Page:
National Commerce Financial expands into Florida through the retail giant's stores. It's cheaper, plus Wal-Mart draws thousands more people.
By JEFF HARRINGTON
Published April 24, 2004
A Memphis pioneer in grocery store banking has inked a deal to put about 70 branches inside Wal-Mart stores throughout the Southeast, including more than 50 in Florida.
National Commerce Financial, which is making its first foray into Florida, said 75 percent of the new branches will be in Tampa/St. Petersburg, Orlando and Jacksonville, along with several in small and mid-size communities. The bay area alone can expect 10 to 12 in-store branches, said Tim Schools, National Commerce senior vice president of strategic planning and investor relations.
The remainder of the stores will be in Georgia.
"Following our current build-out of the Atlanta metropolitan area, Florida was the next logical extension of our footprint," said Christopher T. Holmes, executive vice president responsible for National Commerce's Wal-Mart strategy.
The first Florida branch is expected to open in the third quarter of 2004 with the remainder opening throughout 2005. They will be branded as National Bank of Commerce sites and offer traditional services such as loans, deposits and mortgages.
But don't look for the Memphis institution to follow up by building stand-alone branches or acquiring other banks here.
"We're going to run a different model," Schools said. "What we've found is that with Wal-Marts averaging 50,000 customers a week ... we didn't need the traditional branches."
Partnering with the world's largest retailer has its benefits.
National Commerce put its first branches inside a Wal-Mart in 1997. Today, it counts those 20 Wal-Mart locations among the best performers in the company, with some branches approaching nearly $70-million in deposits.
Financial terms of the expanded deal with Wal-Mart were not disclosed.
With $23-billion in assets, National Commerce bills itself as the 32nd-largest bank in the country.
Throughout its history, the Memphis institution has garnered a reputation as being willing to experiment. It has largely grown organically instead of through acquisitions.
And it was a pioneer in grocery store branches. Today, up to 40 percent of its roughly 500 branches are in grocery stores.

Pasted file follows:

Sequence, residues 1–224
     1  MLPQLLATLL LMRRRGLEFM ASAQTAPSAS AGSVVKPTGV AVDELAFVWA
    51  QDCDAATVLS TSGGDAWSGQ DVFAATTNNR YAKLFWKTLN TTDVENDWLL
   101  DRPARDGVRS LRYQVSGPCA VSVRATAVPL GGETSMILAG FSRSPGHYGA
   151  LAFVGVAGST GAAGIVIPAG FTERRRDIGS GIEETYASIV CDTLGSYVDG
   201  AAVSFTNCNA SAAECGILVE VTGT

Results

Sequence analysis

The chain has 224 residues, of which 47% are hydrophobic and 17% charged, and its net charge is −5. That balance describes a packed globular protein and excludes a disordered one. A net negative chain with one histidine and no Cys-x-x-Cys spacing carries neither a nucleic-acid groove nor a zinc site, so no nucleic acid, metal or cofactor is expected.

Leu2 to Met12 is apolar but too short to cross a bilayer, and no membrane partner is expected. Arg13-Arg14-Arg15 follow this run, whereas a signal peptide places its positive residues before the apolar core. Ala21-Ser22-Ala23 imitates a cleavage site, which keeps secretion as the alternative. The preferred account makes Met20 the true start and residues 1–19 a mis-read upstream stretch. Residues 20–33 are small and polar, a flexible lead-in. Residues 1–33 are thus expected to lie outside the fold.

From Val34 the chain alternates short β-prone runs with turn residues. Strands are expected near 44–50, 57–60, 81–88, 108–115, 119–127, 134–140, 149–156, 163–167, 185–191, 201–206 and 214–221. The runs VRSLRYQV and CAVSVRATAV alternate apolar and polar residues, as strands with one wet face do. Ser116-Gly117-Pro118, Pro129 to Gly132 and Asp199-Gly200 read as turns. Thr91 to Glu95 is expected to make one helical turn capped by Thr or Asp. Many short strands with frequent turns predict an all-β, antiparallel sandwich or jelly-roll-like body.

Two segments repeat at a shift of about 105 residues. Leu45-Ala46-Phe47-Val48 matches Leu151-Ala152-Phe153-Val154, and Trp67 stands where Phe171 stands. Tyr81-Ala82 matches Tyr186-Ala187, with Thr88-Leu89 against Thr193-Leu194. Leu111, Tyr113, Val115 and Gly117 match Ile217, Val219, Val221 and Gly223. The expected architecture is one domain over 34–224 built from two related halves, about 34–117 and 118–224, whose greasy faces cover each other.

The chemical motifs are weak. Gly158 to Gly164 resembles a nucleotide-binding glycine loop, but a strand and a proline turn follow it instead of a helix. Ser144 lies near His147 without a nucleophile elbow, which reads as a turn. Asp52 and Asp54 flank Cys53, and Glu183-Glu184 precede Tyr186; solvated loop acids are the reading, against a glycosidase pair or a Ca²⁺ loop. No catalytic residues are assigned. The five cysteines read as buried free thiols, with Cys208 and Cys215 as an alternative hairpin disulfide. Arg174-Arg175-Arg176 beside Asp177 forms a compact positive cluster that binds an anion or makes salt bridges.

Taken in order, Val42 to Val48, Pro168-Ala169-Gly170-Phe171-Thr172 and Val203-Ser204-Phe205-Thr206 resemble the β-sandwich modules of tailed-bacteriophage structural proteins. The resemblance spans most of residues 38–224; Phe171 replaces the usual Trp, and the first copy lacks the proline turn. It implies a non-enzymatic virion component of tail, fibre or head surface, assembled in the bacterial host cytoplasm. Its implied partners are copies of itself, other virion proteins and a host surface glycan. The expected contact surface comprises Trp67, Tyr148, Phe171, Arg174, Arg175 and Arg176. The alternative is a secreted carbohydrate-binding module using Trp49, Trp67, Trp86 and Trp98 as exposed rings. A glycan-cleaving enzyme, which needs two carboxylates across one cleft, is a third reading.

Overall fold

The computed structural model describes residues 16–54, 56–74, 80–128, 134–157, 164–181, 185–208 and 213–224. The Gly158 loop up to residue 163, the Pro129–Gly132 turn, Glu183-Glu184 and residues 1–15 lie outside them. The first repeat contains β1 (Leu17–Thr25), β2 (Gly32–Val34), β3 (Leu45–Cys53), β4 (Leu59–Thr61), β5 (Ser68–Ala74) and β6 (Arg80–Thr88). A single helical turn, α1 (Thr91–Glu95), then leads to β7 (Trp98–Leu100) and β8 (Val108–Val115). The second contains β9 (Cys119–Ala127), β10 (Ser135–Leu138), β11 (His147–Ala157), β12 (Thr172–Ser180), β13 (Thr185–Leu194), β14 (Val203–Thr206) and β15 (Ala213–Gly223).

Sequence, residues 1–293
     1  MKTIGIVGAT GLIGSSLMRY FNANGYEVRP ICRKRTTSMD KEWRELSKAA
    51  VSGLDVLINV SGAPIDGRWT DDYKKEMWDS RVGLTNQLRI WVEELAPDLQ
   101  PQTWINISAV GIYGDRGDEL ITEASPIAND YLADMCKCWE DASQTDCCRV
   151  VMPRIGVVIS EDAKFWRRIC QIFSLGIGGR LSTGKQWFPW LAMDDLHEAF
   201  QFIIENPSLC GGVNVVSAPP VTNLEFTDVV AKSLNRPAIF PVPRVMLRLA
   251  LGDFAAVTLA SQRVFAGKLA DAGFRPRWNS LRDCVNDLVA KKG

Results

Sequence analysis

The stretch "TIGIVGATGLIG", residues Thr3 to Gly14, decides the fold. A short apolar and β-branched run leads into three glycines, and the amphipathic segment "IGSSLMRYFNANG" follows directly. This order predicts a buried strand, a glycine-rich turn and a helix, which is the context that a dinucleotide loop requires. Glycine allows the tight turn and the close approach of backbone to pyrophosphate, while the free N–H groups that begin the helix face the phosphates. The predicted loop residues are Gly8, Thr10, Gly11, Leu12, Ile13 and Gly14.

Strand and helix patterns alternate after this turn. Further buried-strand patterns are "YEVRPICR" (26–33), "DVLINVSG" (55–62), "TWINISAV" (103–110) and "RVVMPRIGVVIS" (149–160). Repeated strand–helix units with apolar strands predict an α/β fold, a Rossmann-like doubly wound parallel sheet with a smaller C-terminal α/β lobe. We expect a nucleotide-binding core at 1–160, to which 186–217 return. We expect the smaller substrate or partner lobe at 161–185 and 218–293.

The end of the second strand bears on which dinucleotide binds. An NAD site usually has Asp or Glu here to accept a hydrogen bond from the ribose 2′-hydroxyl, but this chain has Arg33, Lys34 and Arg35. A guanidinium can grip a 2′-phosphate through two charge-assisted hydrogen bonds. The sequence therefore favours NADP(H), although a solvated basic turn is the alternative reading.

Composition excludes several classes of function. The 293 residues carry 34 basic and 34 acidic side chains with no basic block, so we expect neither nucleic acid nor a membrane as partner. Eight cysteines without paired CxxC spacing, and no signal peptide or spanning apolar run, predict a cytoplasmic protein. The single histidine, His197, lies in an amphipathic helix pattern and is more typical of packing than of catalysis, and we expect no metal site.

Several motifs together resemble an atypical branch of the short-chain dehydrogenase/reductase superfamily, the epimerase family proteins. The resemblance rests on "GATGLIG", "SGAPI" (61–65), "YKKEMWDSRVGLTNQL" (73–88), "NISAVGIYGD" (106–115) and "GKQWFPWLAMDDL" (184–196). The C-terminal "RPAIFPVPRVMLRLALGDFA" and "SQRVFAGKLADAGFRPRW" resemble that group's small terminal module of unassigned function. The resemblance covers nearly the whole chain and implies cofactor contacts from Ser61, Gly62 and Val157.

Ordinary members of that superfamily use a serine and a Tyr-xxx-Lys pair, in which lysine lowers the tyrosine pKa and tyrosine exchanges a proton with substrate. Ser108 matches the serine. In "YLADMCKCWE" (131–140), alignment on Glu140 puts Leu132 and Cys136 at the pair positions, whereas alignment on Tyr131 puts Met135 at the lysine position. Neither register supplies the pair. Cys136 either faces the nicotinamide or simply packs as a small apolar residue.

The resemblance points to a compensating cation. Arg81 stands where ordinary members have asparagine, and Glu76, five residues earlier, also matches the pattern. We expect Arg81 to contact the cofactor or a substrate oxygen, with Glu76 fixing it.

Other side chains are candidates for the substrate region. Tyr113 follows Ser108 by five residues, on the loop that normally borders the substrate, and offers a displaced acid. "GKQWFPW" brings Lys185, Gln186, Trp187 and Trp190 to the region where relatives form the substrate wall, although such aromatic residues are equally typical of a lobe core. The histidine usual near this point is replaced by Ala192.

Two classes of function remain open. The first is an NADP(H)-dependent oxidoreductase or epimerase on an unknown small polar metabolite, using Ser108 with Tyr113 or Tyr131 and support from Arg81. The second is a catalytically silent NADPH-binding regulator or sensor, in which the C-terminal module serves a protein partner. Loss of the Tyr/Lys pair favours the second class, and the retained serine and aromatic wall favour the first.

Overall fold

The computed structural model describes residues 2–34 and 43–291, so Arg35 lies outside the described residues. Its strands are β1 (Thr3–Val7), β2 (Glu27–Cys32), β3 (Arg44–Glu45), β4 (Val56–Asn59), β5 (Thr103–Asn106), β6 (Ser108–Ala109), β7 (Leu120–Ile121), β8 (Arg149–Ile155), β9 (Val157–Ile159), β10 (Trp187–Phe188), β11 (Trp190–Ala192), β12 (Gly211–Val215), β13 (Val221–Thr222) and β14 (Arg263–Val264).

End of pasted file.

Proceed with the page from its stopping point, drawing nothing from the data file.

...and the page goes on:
It has relationships with five grocery chains, the largest being its deal with Kroger.
Traditionally, National Commerce has expanded by a "hub-and-spoke" system, with a mix of grocery store and stand-alone branches.
But it began experimenting in the mid 1990s with a Wal-Mart-only strategy; its success in markets such as Chattanooga, Tenn., has persuaded it to try Wal-Mart-only in Florida.
It's a matter of numbers, Schools said.
"If you and I were to build a branch on Dale Mabry today, it might cost $2-million ... and a traditional branch gets 3,000 customers a week," he said.
"We're going to go into Wal-Marts all over Florida and it's going to cost us $150,000 to $200,000 for the Sheetrock, to put in computers and counters ... and in seven days we'll have 50,000 people walking through. It's a no-brainer."
Separately, National Commerce has been experimenting with the megaretailer since October on co-branded, in-store branches called Wal-Mart Money Centers.
Twenty locations have opened but there has been no decision whether to expand the pilot program.
The grocery-store branch strategy has not been for everyone.
In 1999, the Canadian Imperial Bank of Commerce and Winn-Dixie Stores joined to open in-store branches called Marketplace Bank throughout Florida, including 25 in the Tampa Bay area. But the Canadian bank retrenched after three years.
It was the second big realignment for Winn-Dixie. In 2000, Bank of America pulled its in-store banking centers out of 66 Winn-Dixie locations across the state as Florida's biggest bank decided to align itself solely with Publix.